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Sports-Minded Family Keeps Mrs. Schembechler Busy

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Life’s Exciting With New Baby, Rose Bowl


By Robin Wright

The Rose Bowl is just the latest in a long list of exciting things that have happened to Millie Cunningham Schembechler since she met Michigan’s new and winning football coach.

Married just a year ago August, the soft-spoken blonde described the frantic pace of the coach’s wife. “The biggest moment was marrying Bo. Right after that the University of Miami football schedule began.

“In December, after the season was over, Bo was offered the coaching job at Michigan. We were so excited about the offer that we completely forgot my birthday.

“With the new job there was the transition to a new household. The house needed a complete redecorating job, so I cut myself off trying to beat the stork. That pretty much occupied my time until Schemy was born.

“Then the Big Ten season started and now there’s the Rose Bowl to think about. It’s been one constant ‘up’ as far as I’m concerned.”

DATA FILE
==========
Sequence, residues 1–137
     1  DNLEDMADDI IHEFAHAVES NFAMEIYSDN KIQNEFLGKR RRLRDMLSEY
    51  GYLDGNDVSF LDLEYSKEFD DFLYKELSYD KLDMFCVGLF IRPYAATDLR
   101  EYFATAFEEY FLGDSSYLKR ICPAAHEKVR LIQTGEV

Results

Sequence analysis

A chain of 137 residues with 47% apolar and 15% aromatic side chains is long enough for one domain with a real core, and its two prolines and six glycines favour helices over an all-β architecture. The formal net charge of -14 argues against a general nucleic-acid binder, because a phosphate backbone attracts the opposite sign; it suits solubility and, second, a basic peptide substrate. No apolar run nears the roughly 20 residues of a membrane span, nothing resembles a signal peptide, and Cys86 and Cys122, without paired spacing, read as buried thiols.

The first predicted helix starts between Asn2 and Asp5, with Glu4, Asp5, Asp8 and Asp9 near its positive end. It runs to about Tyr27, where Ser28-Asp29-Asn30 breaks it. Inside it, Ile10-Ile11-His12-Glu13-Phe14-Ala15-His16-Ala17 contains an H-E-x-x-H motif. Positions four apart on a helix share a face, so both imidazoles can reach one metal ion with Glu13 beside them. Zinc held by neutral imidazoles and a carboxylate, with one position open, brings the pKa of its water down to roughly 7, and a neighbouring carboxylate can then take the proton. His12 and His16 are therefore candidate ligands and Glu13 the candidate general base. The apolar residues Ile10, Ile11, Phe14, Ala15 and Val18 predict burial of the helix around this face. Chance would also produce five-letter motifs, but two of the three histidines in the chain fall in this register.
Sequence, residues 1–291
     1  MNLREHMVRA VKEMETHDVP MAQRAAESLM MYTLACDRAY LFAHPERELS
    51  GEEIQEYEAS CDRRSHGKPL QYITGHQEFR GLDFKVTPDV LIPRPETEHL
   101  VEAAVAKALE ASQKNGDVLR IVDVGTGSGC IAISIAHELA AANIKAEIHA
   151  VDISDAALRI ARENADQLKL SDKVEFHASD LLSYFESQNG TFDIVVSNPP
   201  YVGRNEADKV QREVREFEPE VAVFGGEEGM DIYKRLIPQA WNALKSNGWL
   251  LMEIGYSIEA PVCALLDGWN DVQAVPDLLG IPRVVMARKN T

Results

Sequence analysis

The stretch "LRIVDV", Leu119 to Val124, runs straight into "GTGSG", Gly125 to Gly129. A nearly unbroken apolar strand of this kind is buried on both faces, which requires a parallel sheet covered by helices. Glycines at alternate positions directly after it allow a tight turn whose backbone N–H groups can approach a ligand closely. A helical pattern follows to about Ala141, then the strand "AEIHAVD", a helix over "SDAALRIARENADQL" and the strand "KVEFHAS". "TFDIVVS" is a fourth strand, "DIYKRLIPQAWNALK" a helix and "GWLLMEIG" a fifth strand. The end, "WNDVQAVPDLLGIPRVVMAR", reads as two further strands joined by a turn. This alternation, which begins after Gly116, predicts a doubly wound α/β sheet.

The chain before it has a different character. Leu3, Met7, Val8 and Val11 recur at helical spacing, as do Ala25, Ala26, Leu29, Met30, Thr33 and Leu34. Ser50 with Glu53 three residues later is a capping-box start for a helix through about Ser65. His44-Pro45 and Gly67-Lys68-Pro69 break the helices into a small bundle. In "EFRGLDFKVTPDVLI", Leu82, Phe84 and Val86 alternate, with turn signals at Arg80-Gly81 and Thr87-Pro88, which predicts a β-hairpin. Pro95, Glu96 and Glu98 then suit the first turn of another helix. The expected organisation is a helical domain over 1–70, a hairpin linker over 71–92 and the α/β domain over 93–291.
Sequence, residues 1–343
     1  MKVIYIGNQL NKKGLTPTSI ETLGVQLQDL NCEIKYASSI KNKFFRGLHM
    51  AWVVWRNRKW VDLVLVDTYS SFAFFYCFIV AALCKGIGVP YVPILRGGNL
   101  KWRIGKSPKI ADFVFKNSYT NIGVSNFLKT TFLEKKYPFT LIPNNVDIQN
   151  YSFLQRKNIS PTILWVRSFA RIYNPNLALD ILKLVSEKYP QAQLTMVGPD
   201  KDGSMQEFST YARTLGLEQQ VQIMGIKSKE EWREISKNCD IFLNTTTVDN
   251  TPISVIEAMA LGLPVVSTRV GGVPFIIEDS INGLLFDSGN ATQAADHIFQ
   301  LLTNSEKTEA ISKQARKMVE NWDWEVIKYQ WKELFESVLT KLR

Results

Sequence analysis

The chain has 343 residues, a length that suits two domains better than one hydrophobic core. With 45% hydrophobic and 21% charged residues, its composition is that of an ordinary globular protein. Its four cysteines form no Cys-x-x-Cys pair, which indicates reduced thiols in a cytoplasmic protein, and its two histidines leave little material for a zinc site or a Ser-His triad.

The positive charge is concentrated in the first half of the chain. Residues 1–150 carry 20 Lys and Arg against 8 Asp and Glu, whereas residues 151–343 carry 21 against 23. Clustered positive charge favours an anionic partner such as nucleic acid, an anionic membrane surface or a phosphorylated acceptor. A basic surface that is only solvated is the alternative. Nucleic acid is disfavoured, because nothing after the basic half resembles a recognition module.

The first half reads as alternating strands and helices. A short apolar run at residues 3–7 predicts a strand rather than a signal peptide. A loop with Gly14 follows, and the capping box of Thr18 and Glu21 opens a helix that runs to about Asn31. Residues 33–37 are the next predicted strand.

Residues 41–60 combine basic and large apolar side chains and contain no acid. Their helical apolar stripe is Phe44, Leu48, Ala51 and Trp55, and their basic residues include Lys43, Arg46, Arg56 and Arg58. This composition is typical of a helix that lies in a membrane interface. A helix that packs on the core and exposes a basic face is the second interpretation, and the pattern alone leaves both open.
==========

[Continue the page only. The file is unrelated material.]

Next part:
But the hectic pace of the sports world is not unfamiliar to the former nurse. The widow of a St. Louis television and radio sportscaster, she was solely responsible for bringing up her three sons for the three years before she met Glenn Edward (Bo) Schembechler.

This involved sharing the sports enthusiasm of three potential stars. Besides accompanying the boys to the major events in St. Louis, she worked as a nurse at a summer camp to allow them a camping experience.

She became so active that one of the first things Chip, 14, Geoff, 11, and Matt, 10, pointed out about their mom to Bo, then her suitor, was that she had a great basketball hook shot.